News / Events


Jani Leinonen is taking part in the exhibition Mythologies – The Beginning and End of Civilizations at ARoS Art Museum in Aarhus, Denmark, opening on April 4th, 2020. 

The exhibition attempts to expose the narratives that, through various historical epochs, have sustained society and had a governing influence on communities as well as on war and destruction.

With this exhibition, ARoS seeks to persuade the audience to respond to the mythologies that define and create the framework of the society which we are all part of and contribute to. The fact that myths and narratives are the fabric that still manages to unite us all is one of the principal assertions of the exhibition. By highlighting a number of specific historical points of interest, Mythologies – The Beginning and End of Civilizations will uncover periods where old narratives are discarded and new ones emerge, often via radical ruptures.

The exhibition runs through 4. Apr. 2020 — 18. Oct. 2020

Read more about the show at:


Jani Leinonen’s solo exhibition The Truth will open at Serlachius Museum Gösta in September 2020 with a magical installation implemented using centuries-old stained-glass techniques, giving its visitors a plunge into the long history of propaganda and manipulation – and the colorful present.

True to his style and in the spirit of pop art Leinonen uses trademarks, product packaging or popular imagery and modifies the message by taking a stand on social injustices and the responsibility of supranational companies for their actions. The exhibition is curated by Sampo Linkoneva.

The show will be on display from 19 September 2020–7 March 2021.

More information at


Turku Art Museum
24 January – 17 May 2020

Lars Göran Johnsson has collected art for nearly 70 years. His journey of exploration that began with a yearning for beauty has resulted in the creation of one of the foremost private art collections in Finland. The multi-faceted collection reflects its creator’s mobile lifestyle and interest in current affairs. Johnsson donated the collection to Turku Art Museum in 2016, and it has continued to grow since then. Filling the galleries on both floors of the art museum, the exhibition opens up vistas onto international modernism and contemporary art.

The collection includes works by Jiri Geller, Mari Keto and Riikka Hyvönen amongst others.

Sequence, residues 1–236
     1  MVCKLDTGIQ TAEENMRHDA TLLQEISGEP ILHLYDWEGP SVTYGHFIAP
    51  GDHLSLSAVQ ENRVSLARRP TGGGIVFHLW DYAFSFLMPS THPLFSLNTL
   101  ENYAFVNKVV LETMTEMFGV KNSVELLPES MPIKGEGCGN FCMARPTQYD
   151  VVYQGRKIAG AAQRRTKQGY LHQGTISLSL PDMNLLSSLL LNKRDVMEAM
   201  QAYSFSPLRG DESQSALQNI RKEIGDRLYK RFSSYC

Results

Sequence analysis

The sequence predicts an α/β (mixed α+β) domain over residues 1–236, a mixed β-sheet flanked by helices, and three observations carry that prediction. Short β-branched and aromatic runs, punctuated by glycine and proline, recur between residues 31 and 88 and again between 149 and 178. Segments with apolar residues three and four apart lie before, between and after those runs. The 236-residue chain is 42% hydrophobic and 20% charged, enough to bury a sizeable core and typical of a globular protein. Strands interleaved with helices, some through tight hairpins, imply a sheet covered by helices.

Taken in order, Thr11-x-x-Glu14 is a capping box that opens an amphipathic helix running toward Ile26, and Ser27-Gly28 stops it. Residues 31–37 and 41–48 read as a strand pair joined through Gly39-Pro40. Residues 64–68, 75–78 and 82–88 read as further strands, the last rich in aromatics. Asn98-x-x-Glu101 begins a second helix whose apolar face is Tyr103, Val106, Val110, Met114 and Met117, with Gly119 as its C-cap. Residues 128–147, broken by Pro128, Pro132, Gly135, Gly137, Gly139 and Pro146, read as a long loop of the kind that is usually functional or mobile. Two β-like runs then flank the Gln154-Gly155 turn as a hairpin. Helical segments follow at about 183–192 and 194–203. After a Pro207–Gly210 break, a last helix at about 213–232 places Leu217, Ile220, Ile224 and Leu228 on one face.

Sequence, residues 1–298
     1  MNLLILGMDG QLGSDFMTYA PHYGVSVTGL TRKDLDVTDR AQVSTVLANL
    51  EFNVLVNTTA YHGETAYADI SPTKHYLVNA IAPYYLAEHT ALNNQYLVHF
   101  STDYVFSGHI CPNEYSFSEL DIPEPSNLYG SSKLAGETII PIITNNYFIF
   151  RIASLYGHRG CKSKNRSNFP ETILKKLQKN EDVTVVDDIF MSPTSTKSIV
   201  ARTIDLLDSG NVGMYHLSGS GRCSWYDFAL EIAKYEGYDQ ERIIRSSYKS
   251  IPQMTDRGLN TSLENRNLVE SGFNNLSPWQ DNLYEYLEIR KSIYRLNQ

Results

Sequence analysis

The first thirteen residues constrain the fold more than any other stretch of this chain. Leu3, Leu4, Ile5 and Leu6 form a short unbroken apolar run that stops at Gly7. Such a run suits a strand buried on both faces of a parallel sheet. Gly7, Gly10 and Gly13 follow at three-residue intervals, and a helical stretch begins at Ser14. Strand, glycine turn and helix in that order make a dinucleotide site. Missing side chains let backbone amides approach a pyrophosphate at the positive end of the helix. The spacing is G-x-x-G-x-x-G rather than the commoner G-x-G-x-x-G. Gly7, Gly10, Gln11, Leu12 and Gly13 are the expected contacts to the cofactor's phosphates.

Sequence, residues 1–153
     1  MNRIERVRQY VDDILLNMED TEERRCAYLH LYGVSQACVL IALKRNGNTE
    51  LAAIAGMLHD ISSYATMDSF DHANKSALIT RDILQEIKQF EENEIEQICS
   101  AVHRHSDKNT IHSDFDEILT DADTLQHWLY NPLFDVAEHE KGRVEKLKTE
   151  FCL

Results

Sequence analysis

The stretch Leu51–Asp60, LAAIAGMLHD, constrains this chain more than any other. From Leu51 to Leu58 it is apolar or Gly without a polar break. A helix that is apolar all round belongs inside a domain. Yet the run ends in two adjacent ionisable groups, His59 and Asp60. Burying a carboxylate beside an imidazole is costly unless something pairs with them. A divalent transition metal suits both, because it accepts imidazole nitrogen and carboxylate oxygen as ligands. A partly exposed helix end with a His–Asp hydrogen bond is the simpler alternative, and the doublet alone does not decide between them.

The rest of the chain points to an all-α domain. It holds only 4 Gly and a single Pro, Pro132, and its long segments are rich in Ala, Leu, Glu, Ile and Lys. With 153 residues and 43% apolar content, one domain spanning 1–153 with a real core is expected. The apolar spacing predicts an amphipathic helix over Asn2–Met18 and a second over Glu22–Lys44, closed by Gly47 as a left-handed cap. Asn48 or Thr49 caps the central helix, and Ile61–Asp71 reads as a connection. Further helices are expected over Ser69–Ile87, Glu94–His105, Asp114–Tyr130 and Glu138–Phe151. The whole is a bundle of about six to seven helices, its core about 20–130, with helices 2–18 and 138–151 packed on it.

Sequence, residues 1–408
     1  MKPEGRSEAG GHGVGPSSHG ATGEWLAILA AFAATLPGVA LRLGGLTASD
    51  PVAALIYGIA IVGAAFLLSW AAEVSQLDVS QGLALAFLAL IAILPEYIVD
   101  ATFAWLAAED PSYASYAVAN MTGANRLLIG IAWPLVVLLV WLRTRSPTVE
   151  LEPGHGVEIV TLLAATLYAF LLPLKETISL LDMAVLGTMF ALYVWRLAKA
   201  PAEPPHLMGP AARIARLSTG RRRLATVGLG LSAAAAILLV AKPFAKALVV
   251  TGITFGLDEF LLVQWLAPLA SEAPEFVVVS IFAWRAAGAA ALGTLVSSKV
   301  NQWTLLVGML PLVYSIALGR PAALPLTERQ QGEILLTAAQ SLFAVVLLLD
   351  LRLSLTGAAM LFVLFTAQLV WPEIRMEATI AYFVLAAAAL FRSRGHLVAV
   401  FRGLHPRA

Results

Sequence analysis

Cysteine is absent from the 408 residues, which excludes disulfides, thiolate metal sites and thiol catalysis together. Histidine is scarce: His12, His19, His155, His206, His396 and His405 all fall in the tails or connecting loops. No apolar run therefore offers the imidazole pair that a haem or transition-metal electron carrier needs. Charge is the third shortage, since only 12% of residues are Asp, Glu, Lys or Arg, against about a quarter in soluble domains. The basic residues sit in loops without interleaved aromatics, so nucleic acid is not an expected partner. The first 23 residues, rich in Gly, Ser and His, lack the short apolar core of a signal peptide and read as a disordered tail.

Aurora Reinhard is included in the exhibition Inspiration – Iconic works presenting contemporary art side by side with classical works at Nationalmuseum, Stockholm. The exhibition is on display from February 20 to May 17, 2020, after which it will continue to Ateneum in Helsinki through June 18 to September 20, 2020.

How have international contemporary artists been inspired by the classics of European art? And why is it these works, in particular, that have become known around the world? Inspiration presents art that draws inspiration from iconic masterpieces, created by today’s most interesting contemporary artists. In the exhibition, the original works are referenced, for example, through replicas, prints, plaster casts, and abundant archive materials.

The chief curators for both exhibitions are the director-general of Nationalmuseum in Sweden, Susanna Pettersson, and the London art historian James Putnam. Co-curators for the Ateneum exhibition will be the museum director Marja Sakari and the chief curator Sointu Fritze.

Read more about the show at Nationalmuseum: Inspiration – Iconic works

Read more about the show at Ateneum: Inspirations – Contemporary art & Classics


Jani Leinonen’s new stained glass paintings have found a worthy new home at the Dolder Grand Hotel in Zurich, Switzerland.

The installation named “Chapel of Remorse” was originally installed in a 500-year-old barn in the small village of Madulain, in the valley of Engadin, Switzerland, where the glass panels were cut to fit perfectly in the centuries-old window frames.

The glass panels of the Chapel of Remorse are painted with old stained glass technique at Mayer’sche Hofkunstanstalt in Münich.

What is now installed on the Grand Dolder’s wall is not only the stained glass artworks​ but also the centuries-old chapel-like architectural composition and shapes of the windows of a medieval Swiss barn.

Given the stained-glass technique’s association with religion, Leinonen’s work does convey a sense of divinity. But the work feels no more like a house of God than it does a place of worship to the light, nature or humanity – in all their colorful​ forms – in good and bad.


The Ars Fennica 2019 exhibition, presenting works by the five candidates for Finland’s most notable visual art award, is now open at the Amos Rex museum. The nominees are Petri Ala-Maunus (FI), Miriam Bäckström(SE), Ragnar Kjartansson (IS), Egill Sæbjörnsson (IS) and Aurora Reinhard (FI).
The Ars Fennica 2019 Award, is granted by the Henna and Pertti Niemistö Art Foundation to a visual artist in recognition of distinctive artistic work of high merit and includes a monetary prize of 40,000 euros.